The problem with treating health insurance like an extended body warrantee is that there's no comparable standard of health for human beings. There are easy cases like broken bones and malignant tumors, but in many cases, the model offers no clear guidance. There's too much variability within the normal population. We recognize this in terms of height and weight. There's always going to be a range of weights and heights in a population. Being above or below average doesn't necessarily mean there's anything wrong with you--except at the very extreme ends of the distribution, and even then it's not necessarily clear cut. But we're often prepared to cover treatments for people at the very extreme ends of the distribution, even if we can't identify any specific pathology. For example, most people would support publicly-funded medical treatment for a child who would otherwise become a midget or giant. They wouldn't ask whether the child was suffering from a documented growth hormone secretion defect, or whether he was just "naturally" destined to be 3 feet tall.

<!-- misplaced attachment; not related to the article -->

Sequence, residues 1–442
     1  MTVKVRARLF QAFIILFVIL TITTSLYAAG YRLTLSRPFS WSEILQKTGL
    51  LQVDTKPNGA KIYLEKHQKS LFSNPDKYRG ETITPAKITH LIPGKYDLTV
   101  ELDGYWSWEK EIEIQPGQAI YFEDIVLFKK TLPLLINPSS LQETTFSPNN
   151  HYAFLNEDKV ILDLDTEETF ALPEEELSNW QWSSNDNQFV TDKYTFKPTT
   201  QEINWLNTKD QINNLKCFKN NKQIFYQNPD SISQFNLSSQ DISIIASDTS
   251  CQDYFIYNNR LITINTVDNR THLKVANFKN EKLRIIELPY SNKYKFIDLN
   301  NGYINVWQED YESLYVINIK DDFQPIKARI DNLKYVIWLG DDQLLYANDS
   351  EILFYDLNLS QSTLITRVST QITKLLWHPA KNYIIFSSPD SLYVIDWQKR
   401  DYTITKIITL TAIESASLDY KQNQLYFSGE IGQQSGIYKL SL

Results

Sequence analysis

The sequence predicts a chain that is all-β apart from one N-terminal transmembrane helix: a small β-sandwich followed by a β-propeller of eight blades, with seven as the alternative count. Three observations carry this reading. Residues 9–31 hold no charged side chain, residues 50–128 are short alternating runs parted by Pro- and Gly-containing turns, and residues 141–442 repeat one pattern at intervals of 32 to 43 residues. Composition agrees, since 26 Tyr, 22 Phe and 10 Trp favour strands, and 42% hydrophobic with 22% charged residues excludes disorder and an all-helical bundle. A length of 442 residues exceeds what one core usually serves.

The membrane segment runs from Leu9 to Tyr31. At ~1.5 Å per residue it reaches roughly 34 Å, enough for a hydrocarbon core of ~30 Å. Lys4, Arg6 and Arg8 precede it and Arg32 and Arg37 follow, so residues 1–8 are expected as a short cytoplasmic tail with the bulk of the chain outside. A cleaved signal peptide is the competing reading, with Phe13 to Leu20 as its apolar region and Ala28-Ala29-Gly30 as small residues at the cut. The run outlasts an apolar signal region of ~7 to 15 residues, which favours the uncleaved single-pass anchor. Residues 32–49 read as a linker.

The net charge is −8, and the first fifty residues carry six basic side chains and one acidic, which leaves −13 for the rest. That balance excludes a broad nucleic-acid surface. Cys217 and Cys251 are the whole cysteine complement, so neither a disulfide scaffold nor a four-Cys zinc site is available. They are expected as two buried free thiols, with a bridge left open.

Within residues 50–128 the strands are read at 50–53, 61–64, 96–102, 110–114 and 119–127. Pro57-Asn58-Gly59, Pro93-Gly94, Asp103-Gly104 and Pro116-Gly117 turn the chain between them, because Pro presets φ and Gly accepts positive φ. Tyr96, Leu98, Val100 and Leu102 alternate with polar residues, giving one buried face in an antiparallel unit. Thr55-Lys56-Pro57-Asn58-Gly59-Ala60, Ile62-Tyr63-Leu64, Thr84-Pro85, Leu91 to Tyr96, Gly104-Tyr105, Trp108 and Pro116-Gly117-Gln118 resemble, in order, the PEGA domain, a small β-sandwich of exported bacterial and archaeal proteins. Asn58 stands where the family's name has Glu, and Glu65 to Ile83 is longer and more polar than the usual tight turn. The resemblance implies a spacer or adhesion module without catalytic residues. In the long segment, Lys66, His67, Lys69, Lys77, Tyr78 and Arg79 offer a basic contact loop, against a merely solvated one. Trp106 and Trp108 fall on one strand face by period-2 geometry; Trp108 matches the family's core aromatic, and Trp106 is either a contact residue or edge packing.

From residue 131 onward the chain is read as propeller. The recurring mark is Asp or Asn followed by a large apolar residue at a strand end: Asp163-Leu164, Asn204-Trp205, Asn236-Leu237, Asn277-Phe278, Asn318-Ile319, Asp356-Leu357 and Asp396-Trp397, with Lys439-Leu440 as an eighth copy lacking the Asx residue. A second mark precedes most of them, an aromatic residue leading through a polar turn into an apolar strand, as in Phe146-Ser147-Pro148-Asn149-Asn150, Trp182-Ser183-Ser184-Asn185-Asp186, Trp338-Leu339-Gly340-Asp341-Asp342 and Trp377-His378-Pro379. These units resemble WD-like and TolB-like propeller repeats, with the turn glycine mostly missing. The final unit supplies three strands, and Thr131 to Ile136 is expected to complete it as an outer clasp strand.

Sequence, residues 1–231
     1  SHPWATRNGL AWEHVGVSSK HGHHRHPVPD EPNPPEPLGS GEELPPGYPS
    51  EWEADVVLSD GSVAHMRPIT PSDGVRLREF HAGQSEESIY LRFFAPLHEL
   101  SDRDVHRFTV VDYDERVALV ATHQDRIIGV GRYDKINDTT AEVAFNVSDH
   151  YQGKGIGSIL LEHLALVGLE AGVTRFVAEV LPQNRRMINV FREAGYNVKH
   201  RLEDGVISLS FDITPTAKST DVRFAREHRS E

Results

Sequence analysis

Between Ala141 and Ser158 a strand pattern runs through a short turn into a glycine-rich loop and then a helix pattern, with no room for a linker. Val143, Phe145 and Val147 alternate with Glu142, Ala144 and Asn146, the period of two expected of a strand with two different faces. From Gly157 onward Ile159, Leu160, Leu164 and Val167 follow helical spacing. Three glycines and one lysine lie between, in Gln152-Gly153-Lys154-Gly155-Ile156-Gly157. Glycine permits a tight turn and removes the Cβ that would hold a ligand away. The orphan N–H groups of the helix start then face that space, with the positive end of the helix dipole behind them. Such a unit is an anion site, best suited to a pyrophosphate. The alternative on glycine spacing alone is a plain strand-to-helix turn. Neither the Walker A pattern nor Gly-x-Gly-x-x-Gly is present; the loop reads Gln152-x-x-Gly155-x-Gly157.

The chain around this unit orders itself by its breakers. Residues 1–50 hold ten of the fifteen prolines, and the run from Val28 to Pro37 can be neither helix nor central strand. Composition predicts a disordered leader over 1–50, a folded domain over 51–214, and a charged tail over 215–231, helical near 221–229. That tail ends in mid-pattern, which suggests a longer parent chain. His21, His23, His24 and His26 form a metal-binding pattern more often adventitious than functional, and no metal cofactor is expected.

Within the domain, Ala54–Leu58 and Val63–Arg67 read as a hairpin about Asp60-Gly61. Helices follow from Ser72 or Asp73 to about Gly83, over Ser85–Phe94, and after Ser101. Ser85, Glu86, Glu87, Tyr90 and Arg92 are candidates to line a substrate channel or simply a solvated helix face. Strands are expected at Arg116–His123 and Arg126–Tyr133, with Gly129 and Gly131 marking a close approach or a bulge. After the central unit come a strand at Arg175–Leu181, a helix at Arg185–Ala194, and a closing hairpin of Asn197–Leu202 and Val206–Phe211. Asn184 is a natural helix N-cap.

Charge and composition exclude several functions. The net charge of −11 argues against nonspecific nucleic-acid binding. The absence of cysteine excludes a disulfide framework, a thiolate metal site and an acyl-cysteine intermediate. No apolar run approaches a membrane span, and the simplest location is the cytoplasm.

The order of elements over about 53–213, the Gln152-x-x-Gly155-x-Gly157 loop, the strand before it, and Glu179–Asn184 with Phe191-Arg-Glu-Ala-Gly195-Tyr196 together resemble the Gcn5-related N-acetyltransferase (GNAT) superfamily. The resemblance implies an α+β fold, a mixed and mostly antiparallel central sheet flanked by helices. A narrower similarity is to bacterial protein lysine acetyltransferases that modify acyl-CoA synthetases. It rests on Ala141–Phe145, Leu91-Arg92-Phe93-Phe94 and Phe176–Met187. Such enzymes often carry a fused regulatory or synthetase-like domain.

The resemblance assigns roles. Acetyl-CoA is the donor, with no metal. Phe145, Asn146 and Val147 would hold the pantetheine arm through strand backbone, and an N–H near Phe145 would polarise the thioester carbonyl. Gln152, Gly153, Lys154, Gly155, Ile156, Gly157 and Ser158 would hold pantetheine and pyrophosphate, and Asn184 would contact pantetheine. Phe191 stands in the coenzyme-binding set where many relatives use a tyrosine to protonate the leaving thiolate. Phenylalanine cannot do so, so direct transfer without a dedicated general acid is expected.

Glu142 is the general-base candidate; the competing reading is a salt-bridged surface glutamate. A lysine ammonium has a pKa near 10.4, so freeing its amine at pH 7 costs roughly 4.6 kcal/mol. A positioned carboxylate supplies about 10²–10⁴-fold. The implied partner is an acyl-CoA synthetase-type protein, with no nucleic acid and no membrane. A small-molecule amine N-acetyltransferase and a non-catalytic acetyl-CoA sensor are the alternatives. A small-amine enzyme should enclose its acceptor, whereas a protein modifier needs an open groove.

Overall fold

The case of Viagra is complicated because there's a range of erectile function among normal, healthy men. Maybe the distribution looks like a bell curve with the porno woodsmen and the asexuals anchoring the tails of the distribution, everyone else somewhere in the middle.
Most people would consider total impotence in a very young man to be a serious medical problem. Any reasonable "body warrantee" would cover treatment for such a grave and unusual condition. We also assume that it's "normal" for erectile function to decline with age. There's no doubt that it's the statistical norm, but just because it happens to most people doesn't mean that it isn't a medical condition worthy of treatment. Cataracts are a normal part of the aging process--but we're not prepared to let the indigent elderly go blind because it's "normal" for the lens of the eye to develop faults with heavy use.